missiles against the enemy in the West but had to dodge the enemy's counter". Norman describes the various parts of the air exercise,
On return to base, the mission training leaders analyse the exercise. "The enemy has not been able to affect any of our protected areas. Our side has 39 kills against three losses. I note that we have done very well even though we ran short of weapons and ran into radio interference."
Read the full stories:
A Day On The Line by Louise Levin
Defensively by Louise Levin
Image Courtesy: forsvarsmakten
Saab’s vision is to have Gripen representing around 10 percent of the accessible market. The market reality however comes with its own set of challenges. Eddy De La Motte, Head of Gripen export, describes how Gripen is all geared up to meet these challenges head on, in a presentation "Gripen-Like No Other”.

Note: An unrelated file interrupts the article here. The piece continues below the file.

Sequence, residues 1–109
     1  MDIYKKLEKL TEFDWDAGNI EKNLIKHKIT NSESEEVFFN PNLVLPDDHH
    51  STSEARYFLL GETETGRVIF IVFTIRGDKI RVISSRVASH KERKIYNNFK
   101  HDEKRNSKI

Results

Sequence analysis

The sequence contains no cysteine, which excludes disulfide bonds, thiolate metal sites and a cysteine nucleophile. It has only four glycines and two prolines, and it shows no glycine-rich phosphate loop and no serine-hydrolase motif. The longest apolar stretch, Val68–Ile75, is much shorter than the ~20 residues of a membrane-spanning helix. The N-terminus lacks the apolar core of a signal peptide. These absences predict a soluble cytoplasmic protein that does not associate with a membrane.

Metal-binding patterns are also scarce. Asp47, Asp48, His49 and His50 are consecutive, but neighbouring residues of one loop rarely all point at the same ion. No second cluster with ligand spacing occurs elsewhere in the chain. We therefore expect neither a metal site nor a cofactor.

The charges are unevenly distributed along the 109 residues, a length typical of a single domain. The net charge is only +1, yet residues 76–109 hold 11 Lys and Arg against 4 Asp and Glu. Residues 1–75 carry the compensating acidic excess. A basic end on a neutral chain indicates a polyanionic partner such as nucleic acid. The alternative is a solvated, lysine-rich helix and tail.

One of the biggest challenges is that of uncertain threats which include UAS becoming more expensive and a need for extended flight hours. To tackle such issues, Gripen is equipped with the best situational awareness of all. It is also designed to be upgraded which gives its customers the flexibility to add capabilities according to their customized needs.
Budget constraints play a vital role too. Today’s market demands a low life cycle cost and affordable upgrades (which are very important to cope with future requirements). Gripen provides the lowest acquisition and operational cost and it offers embedded training.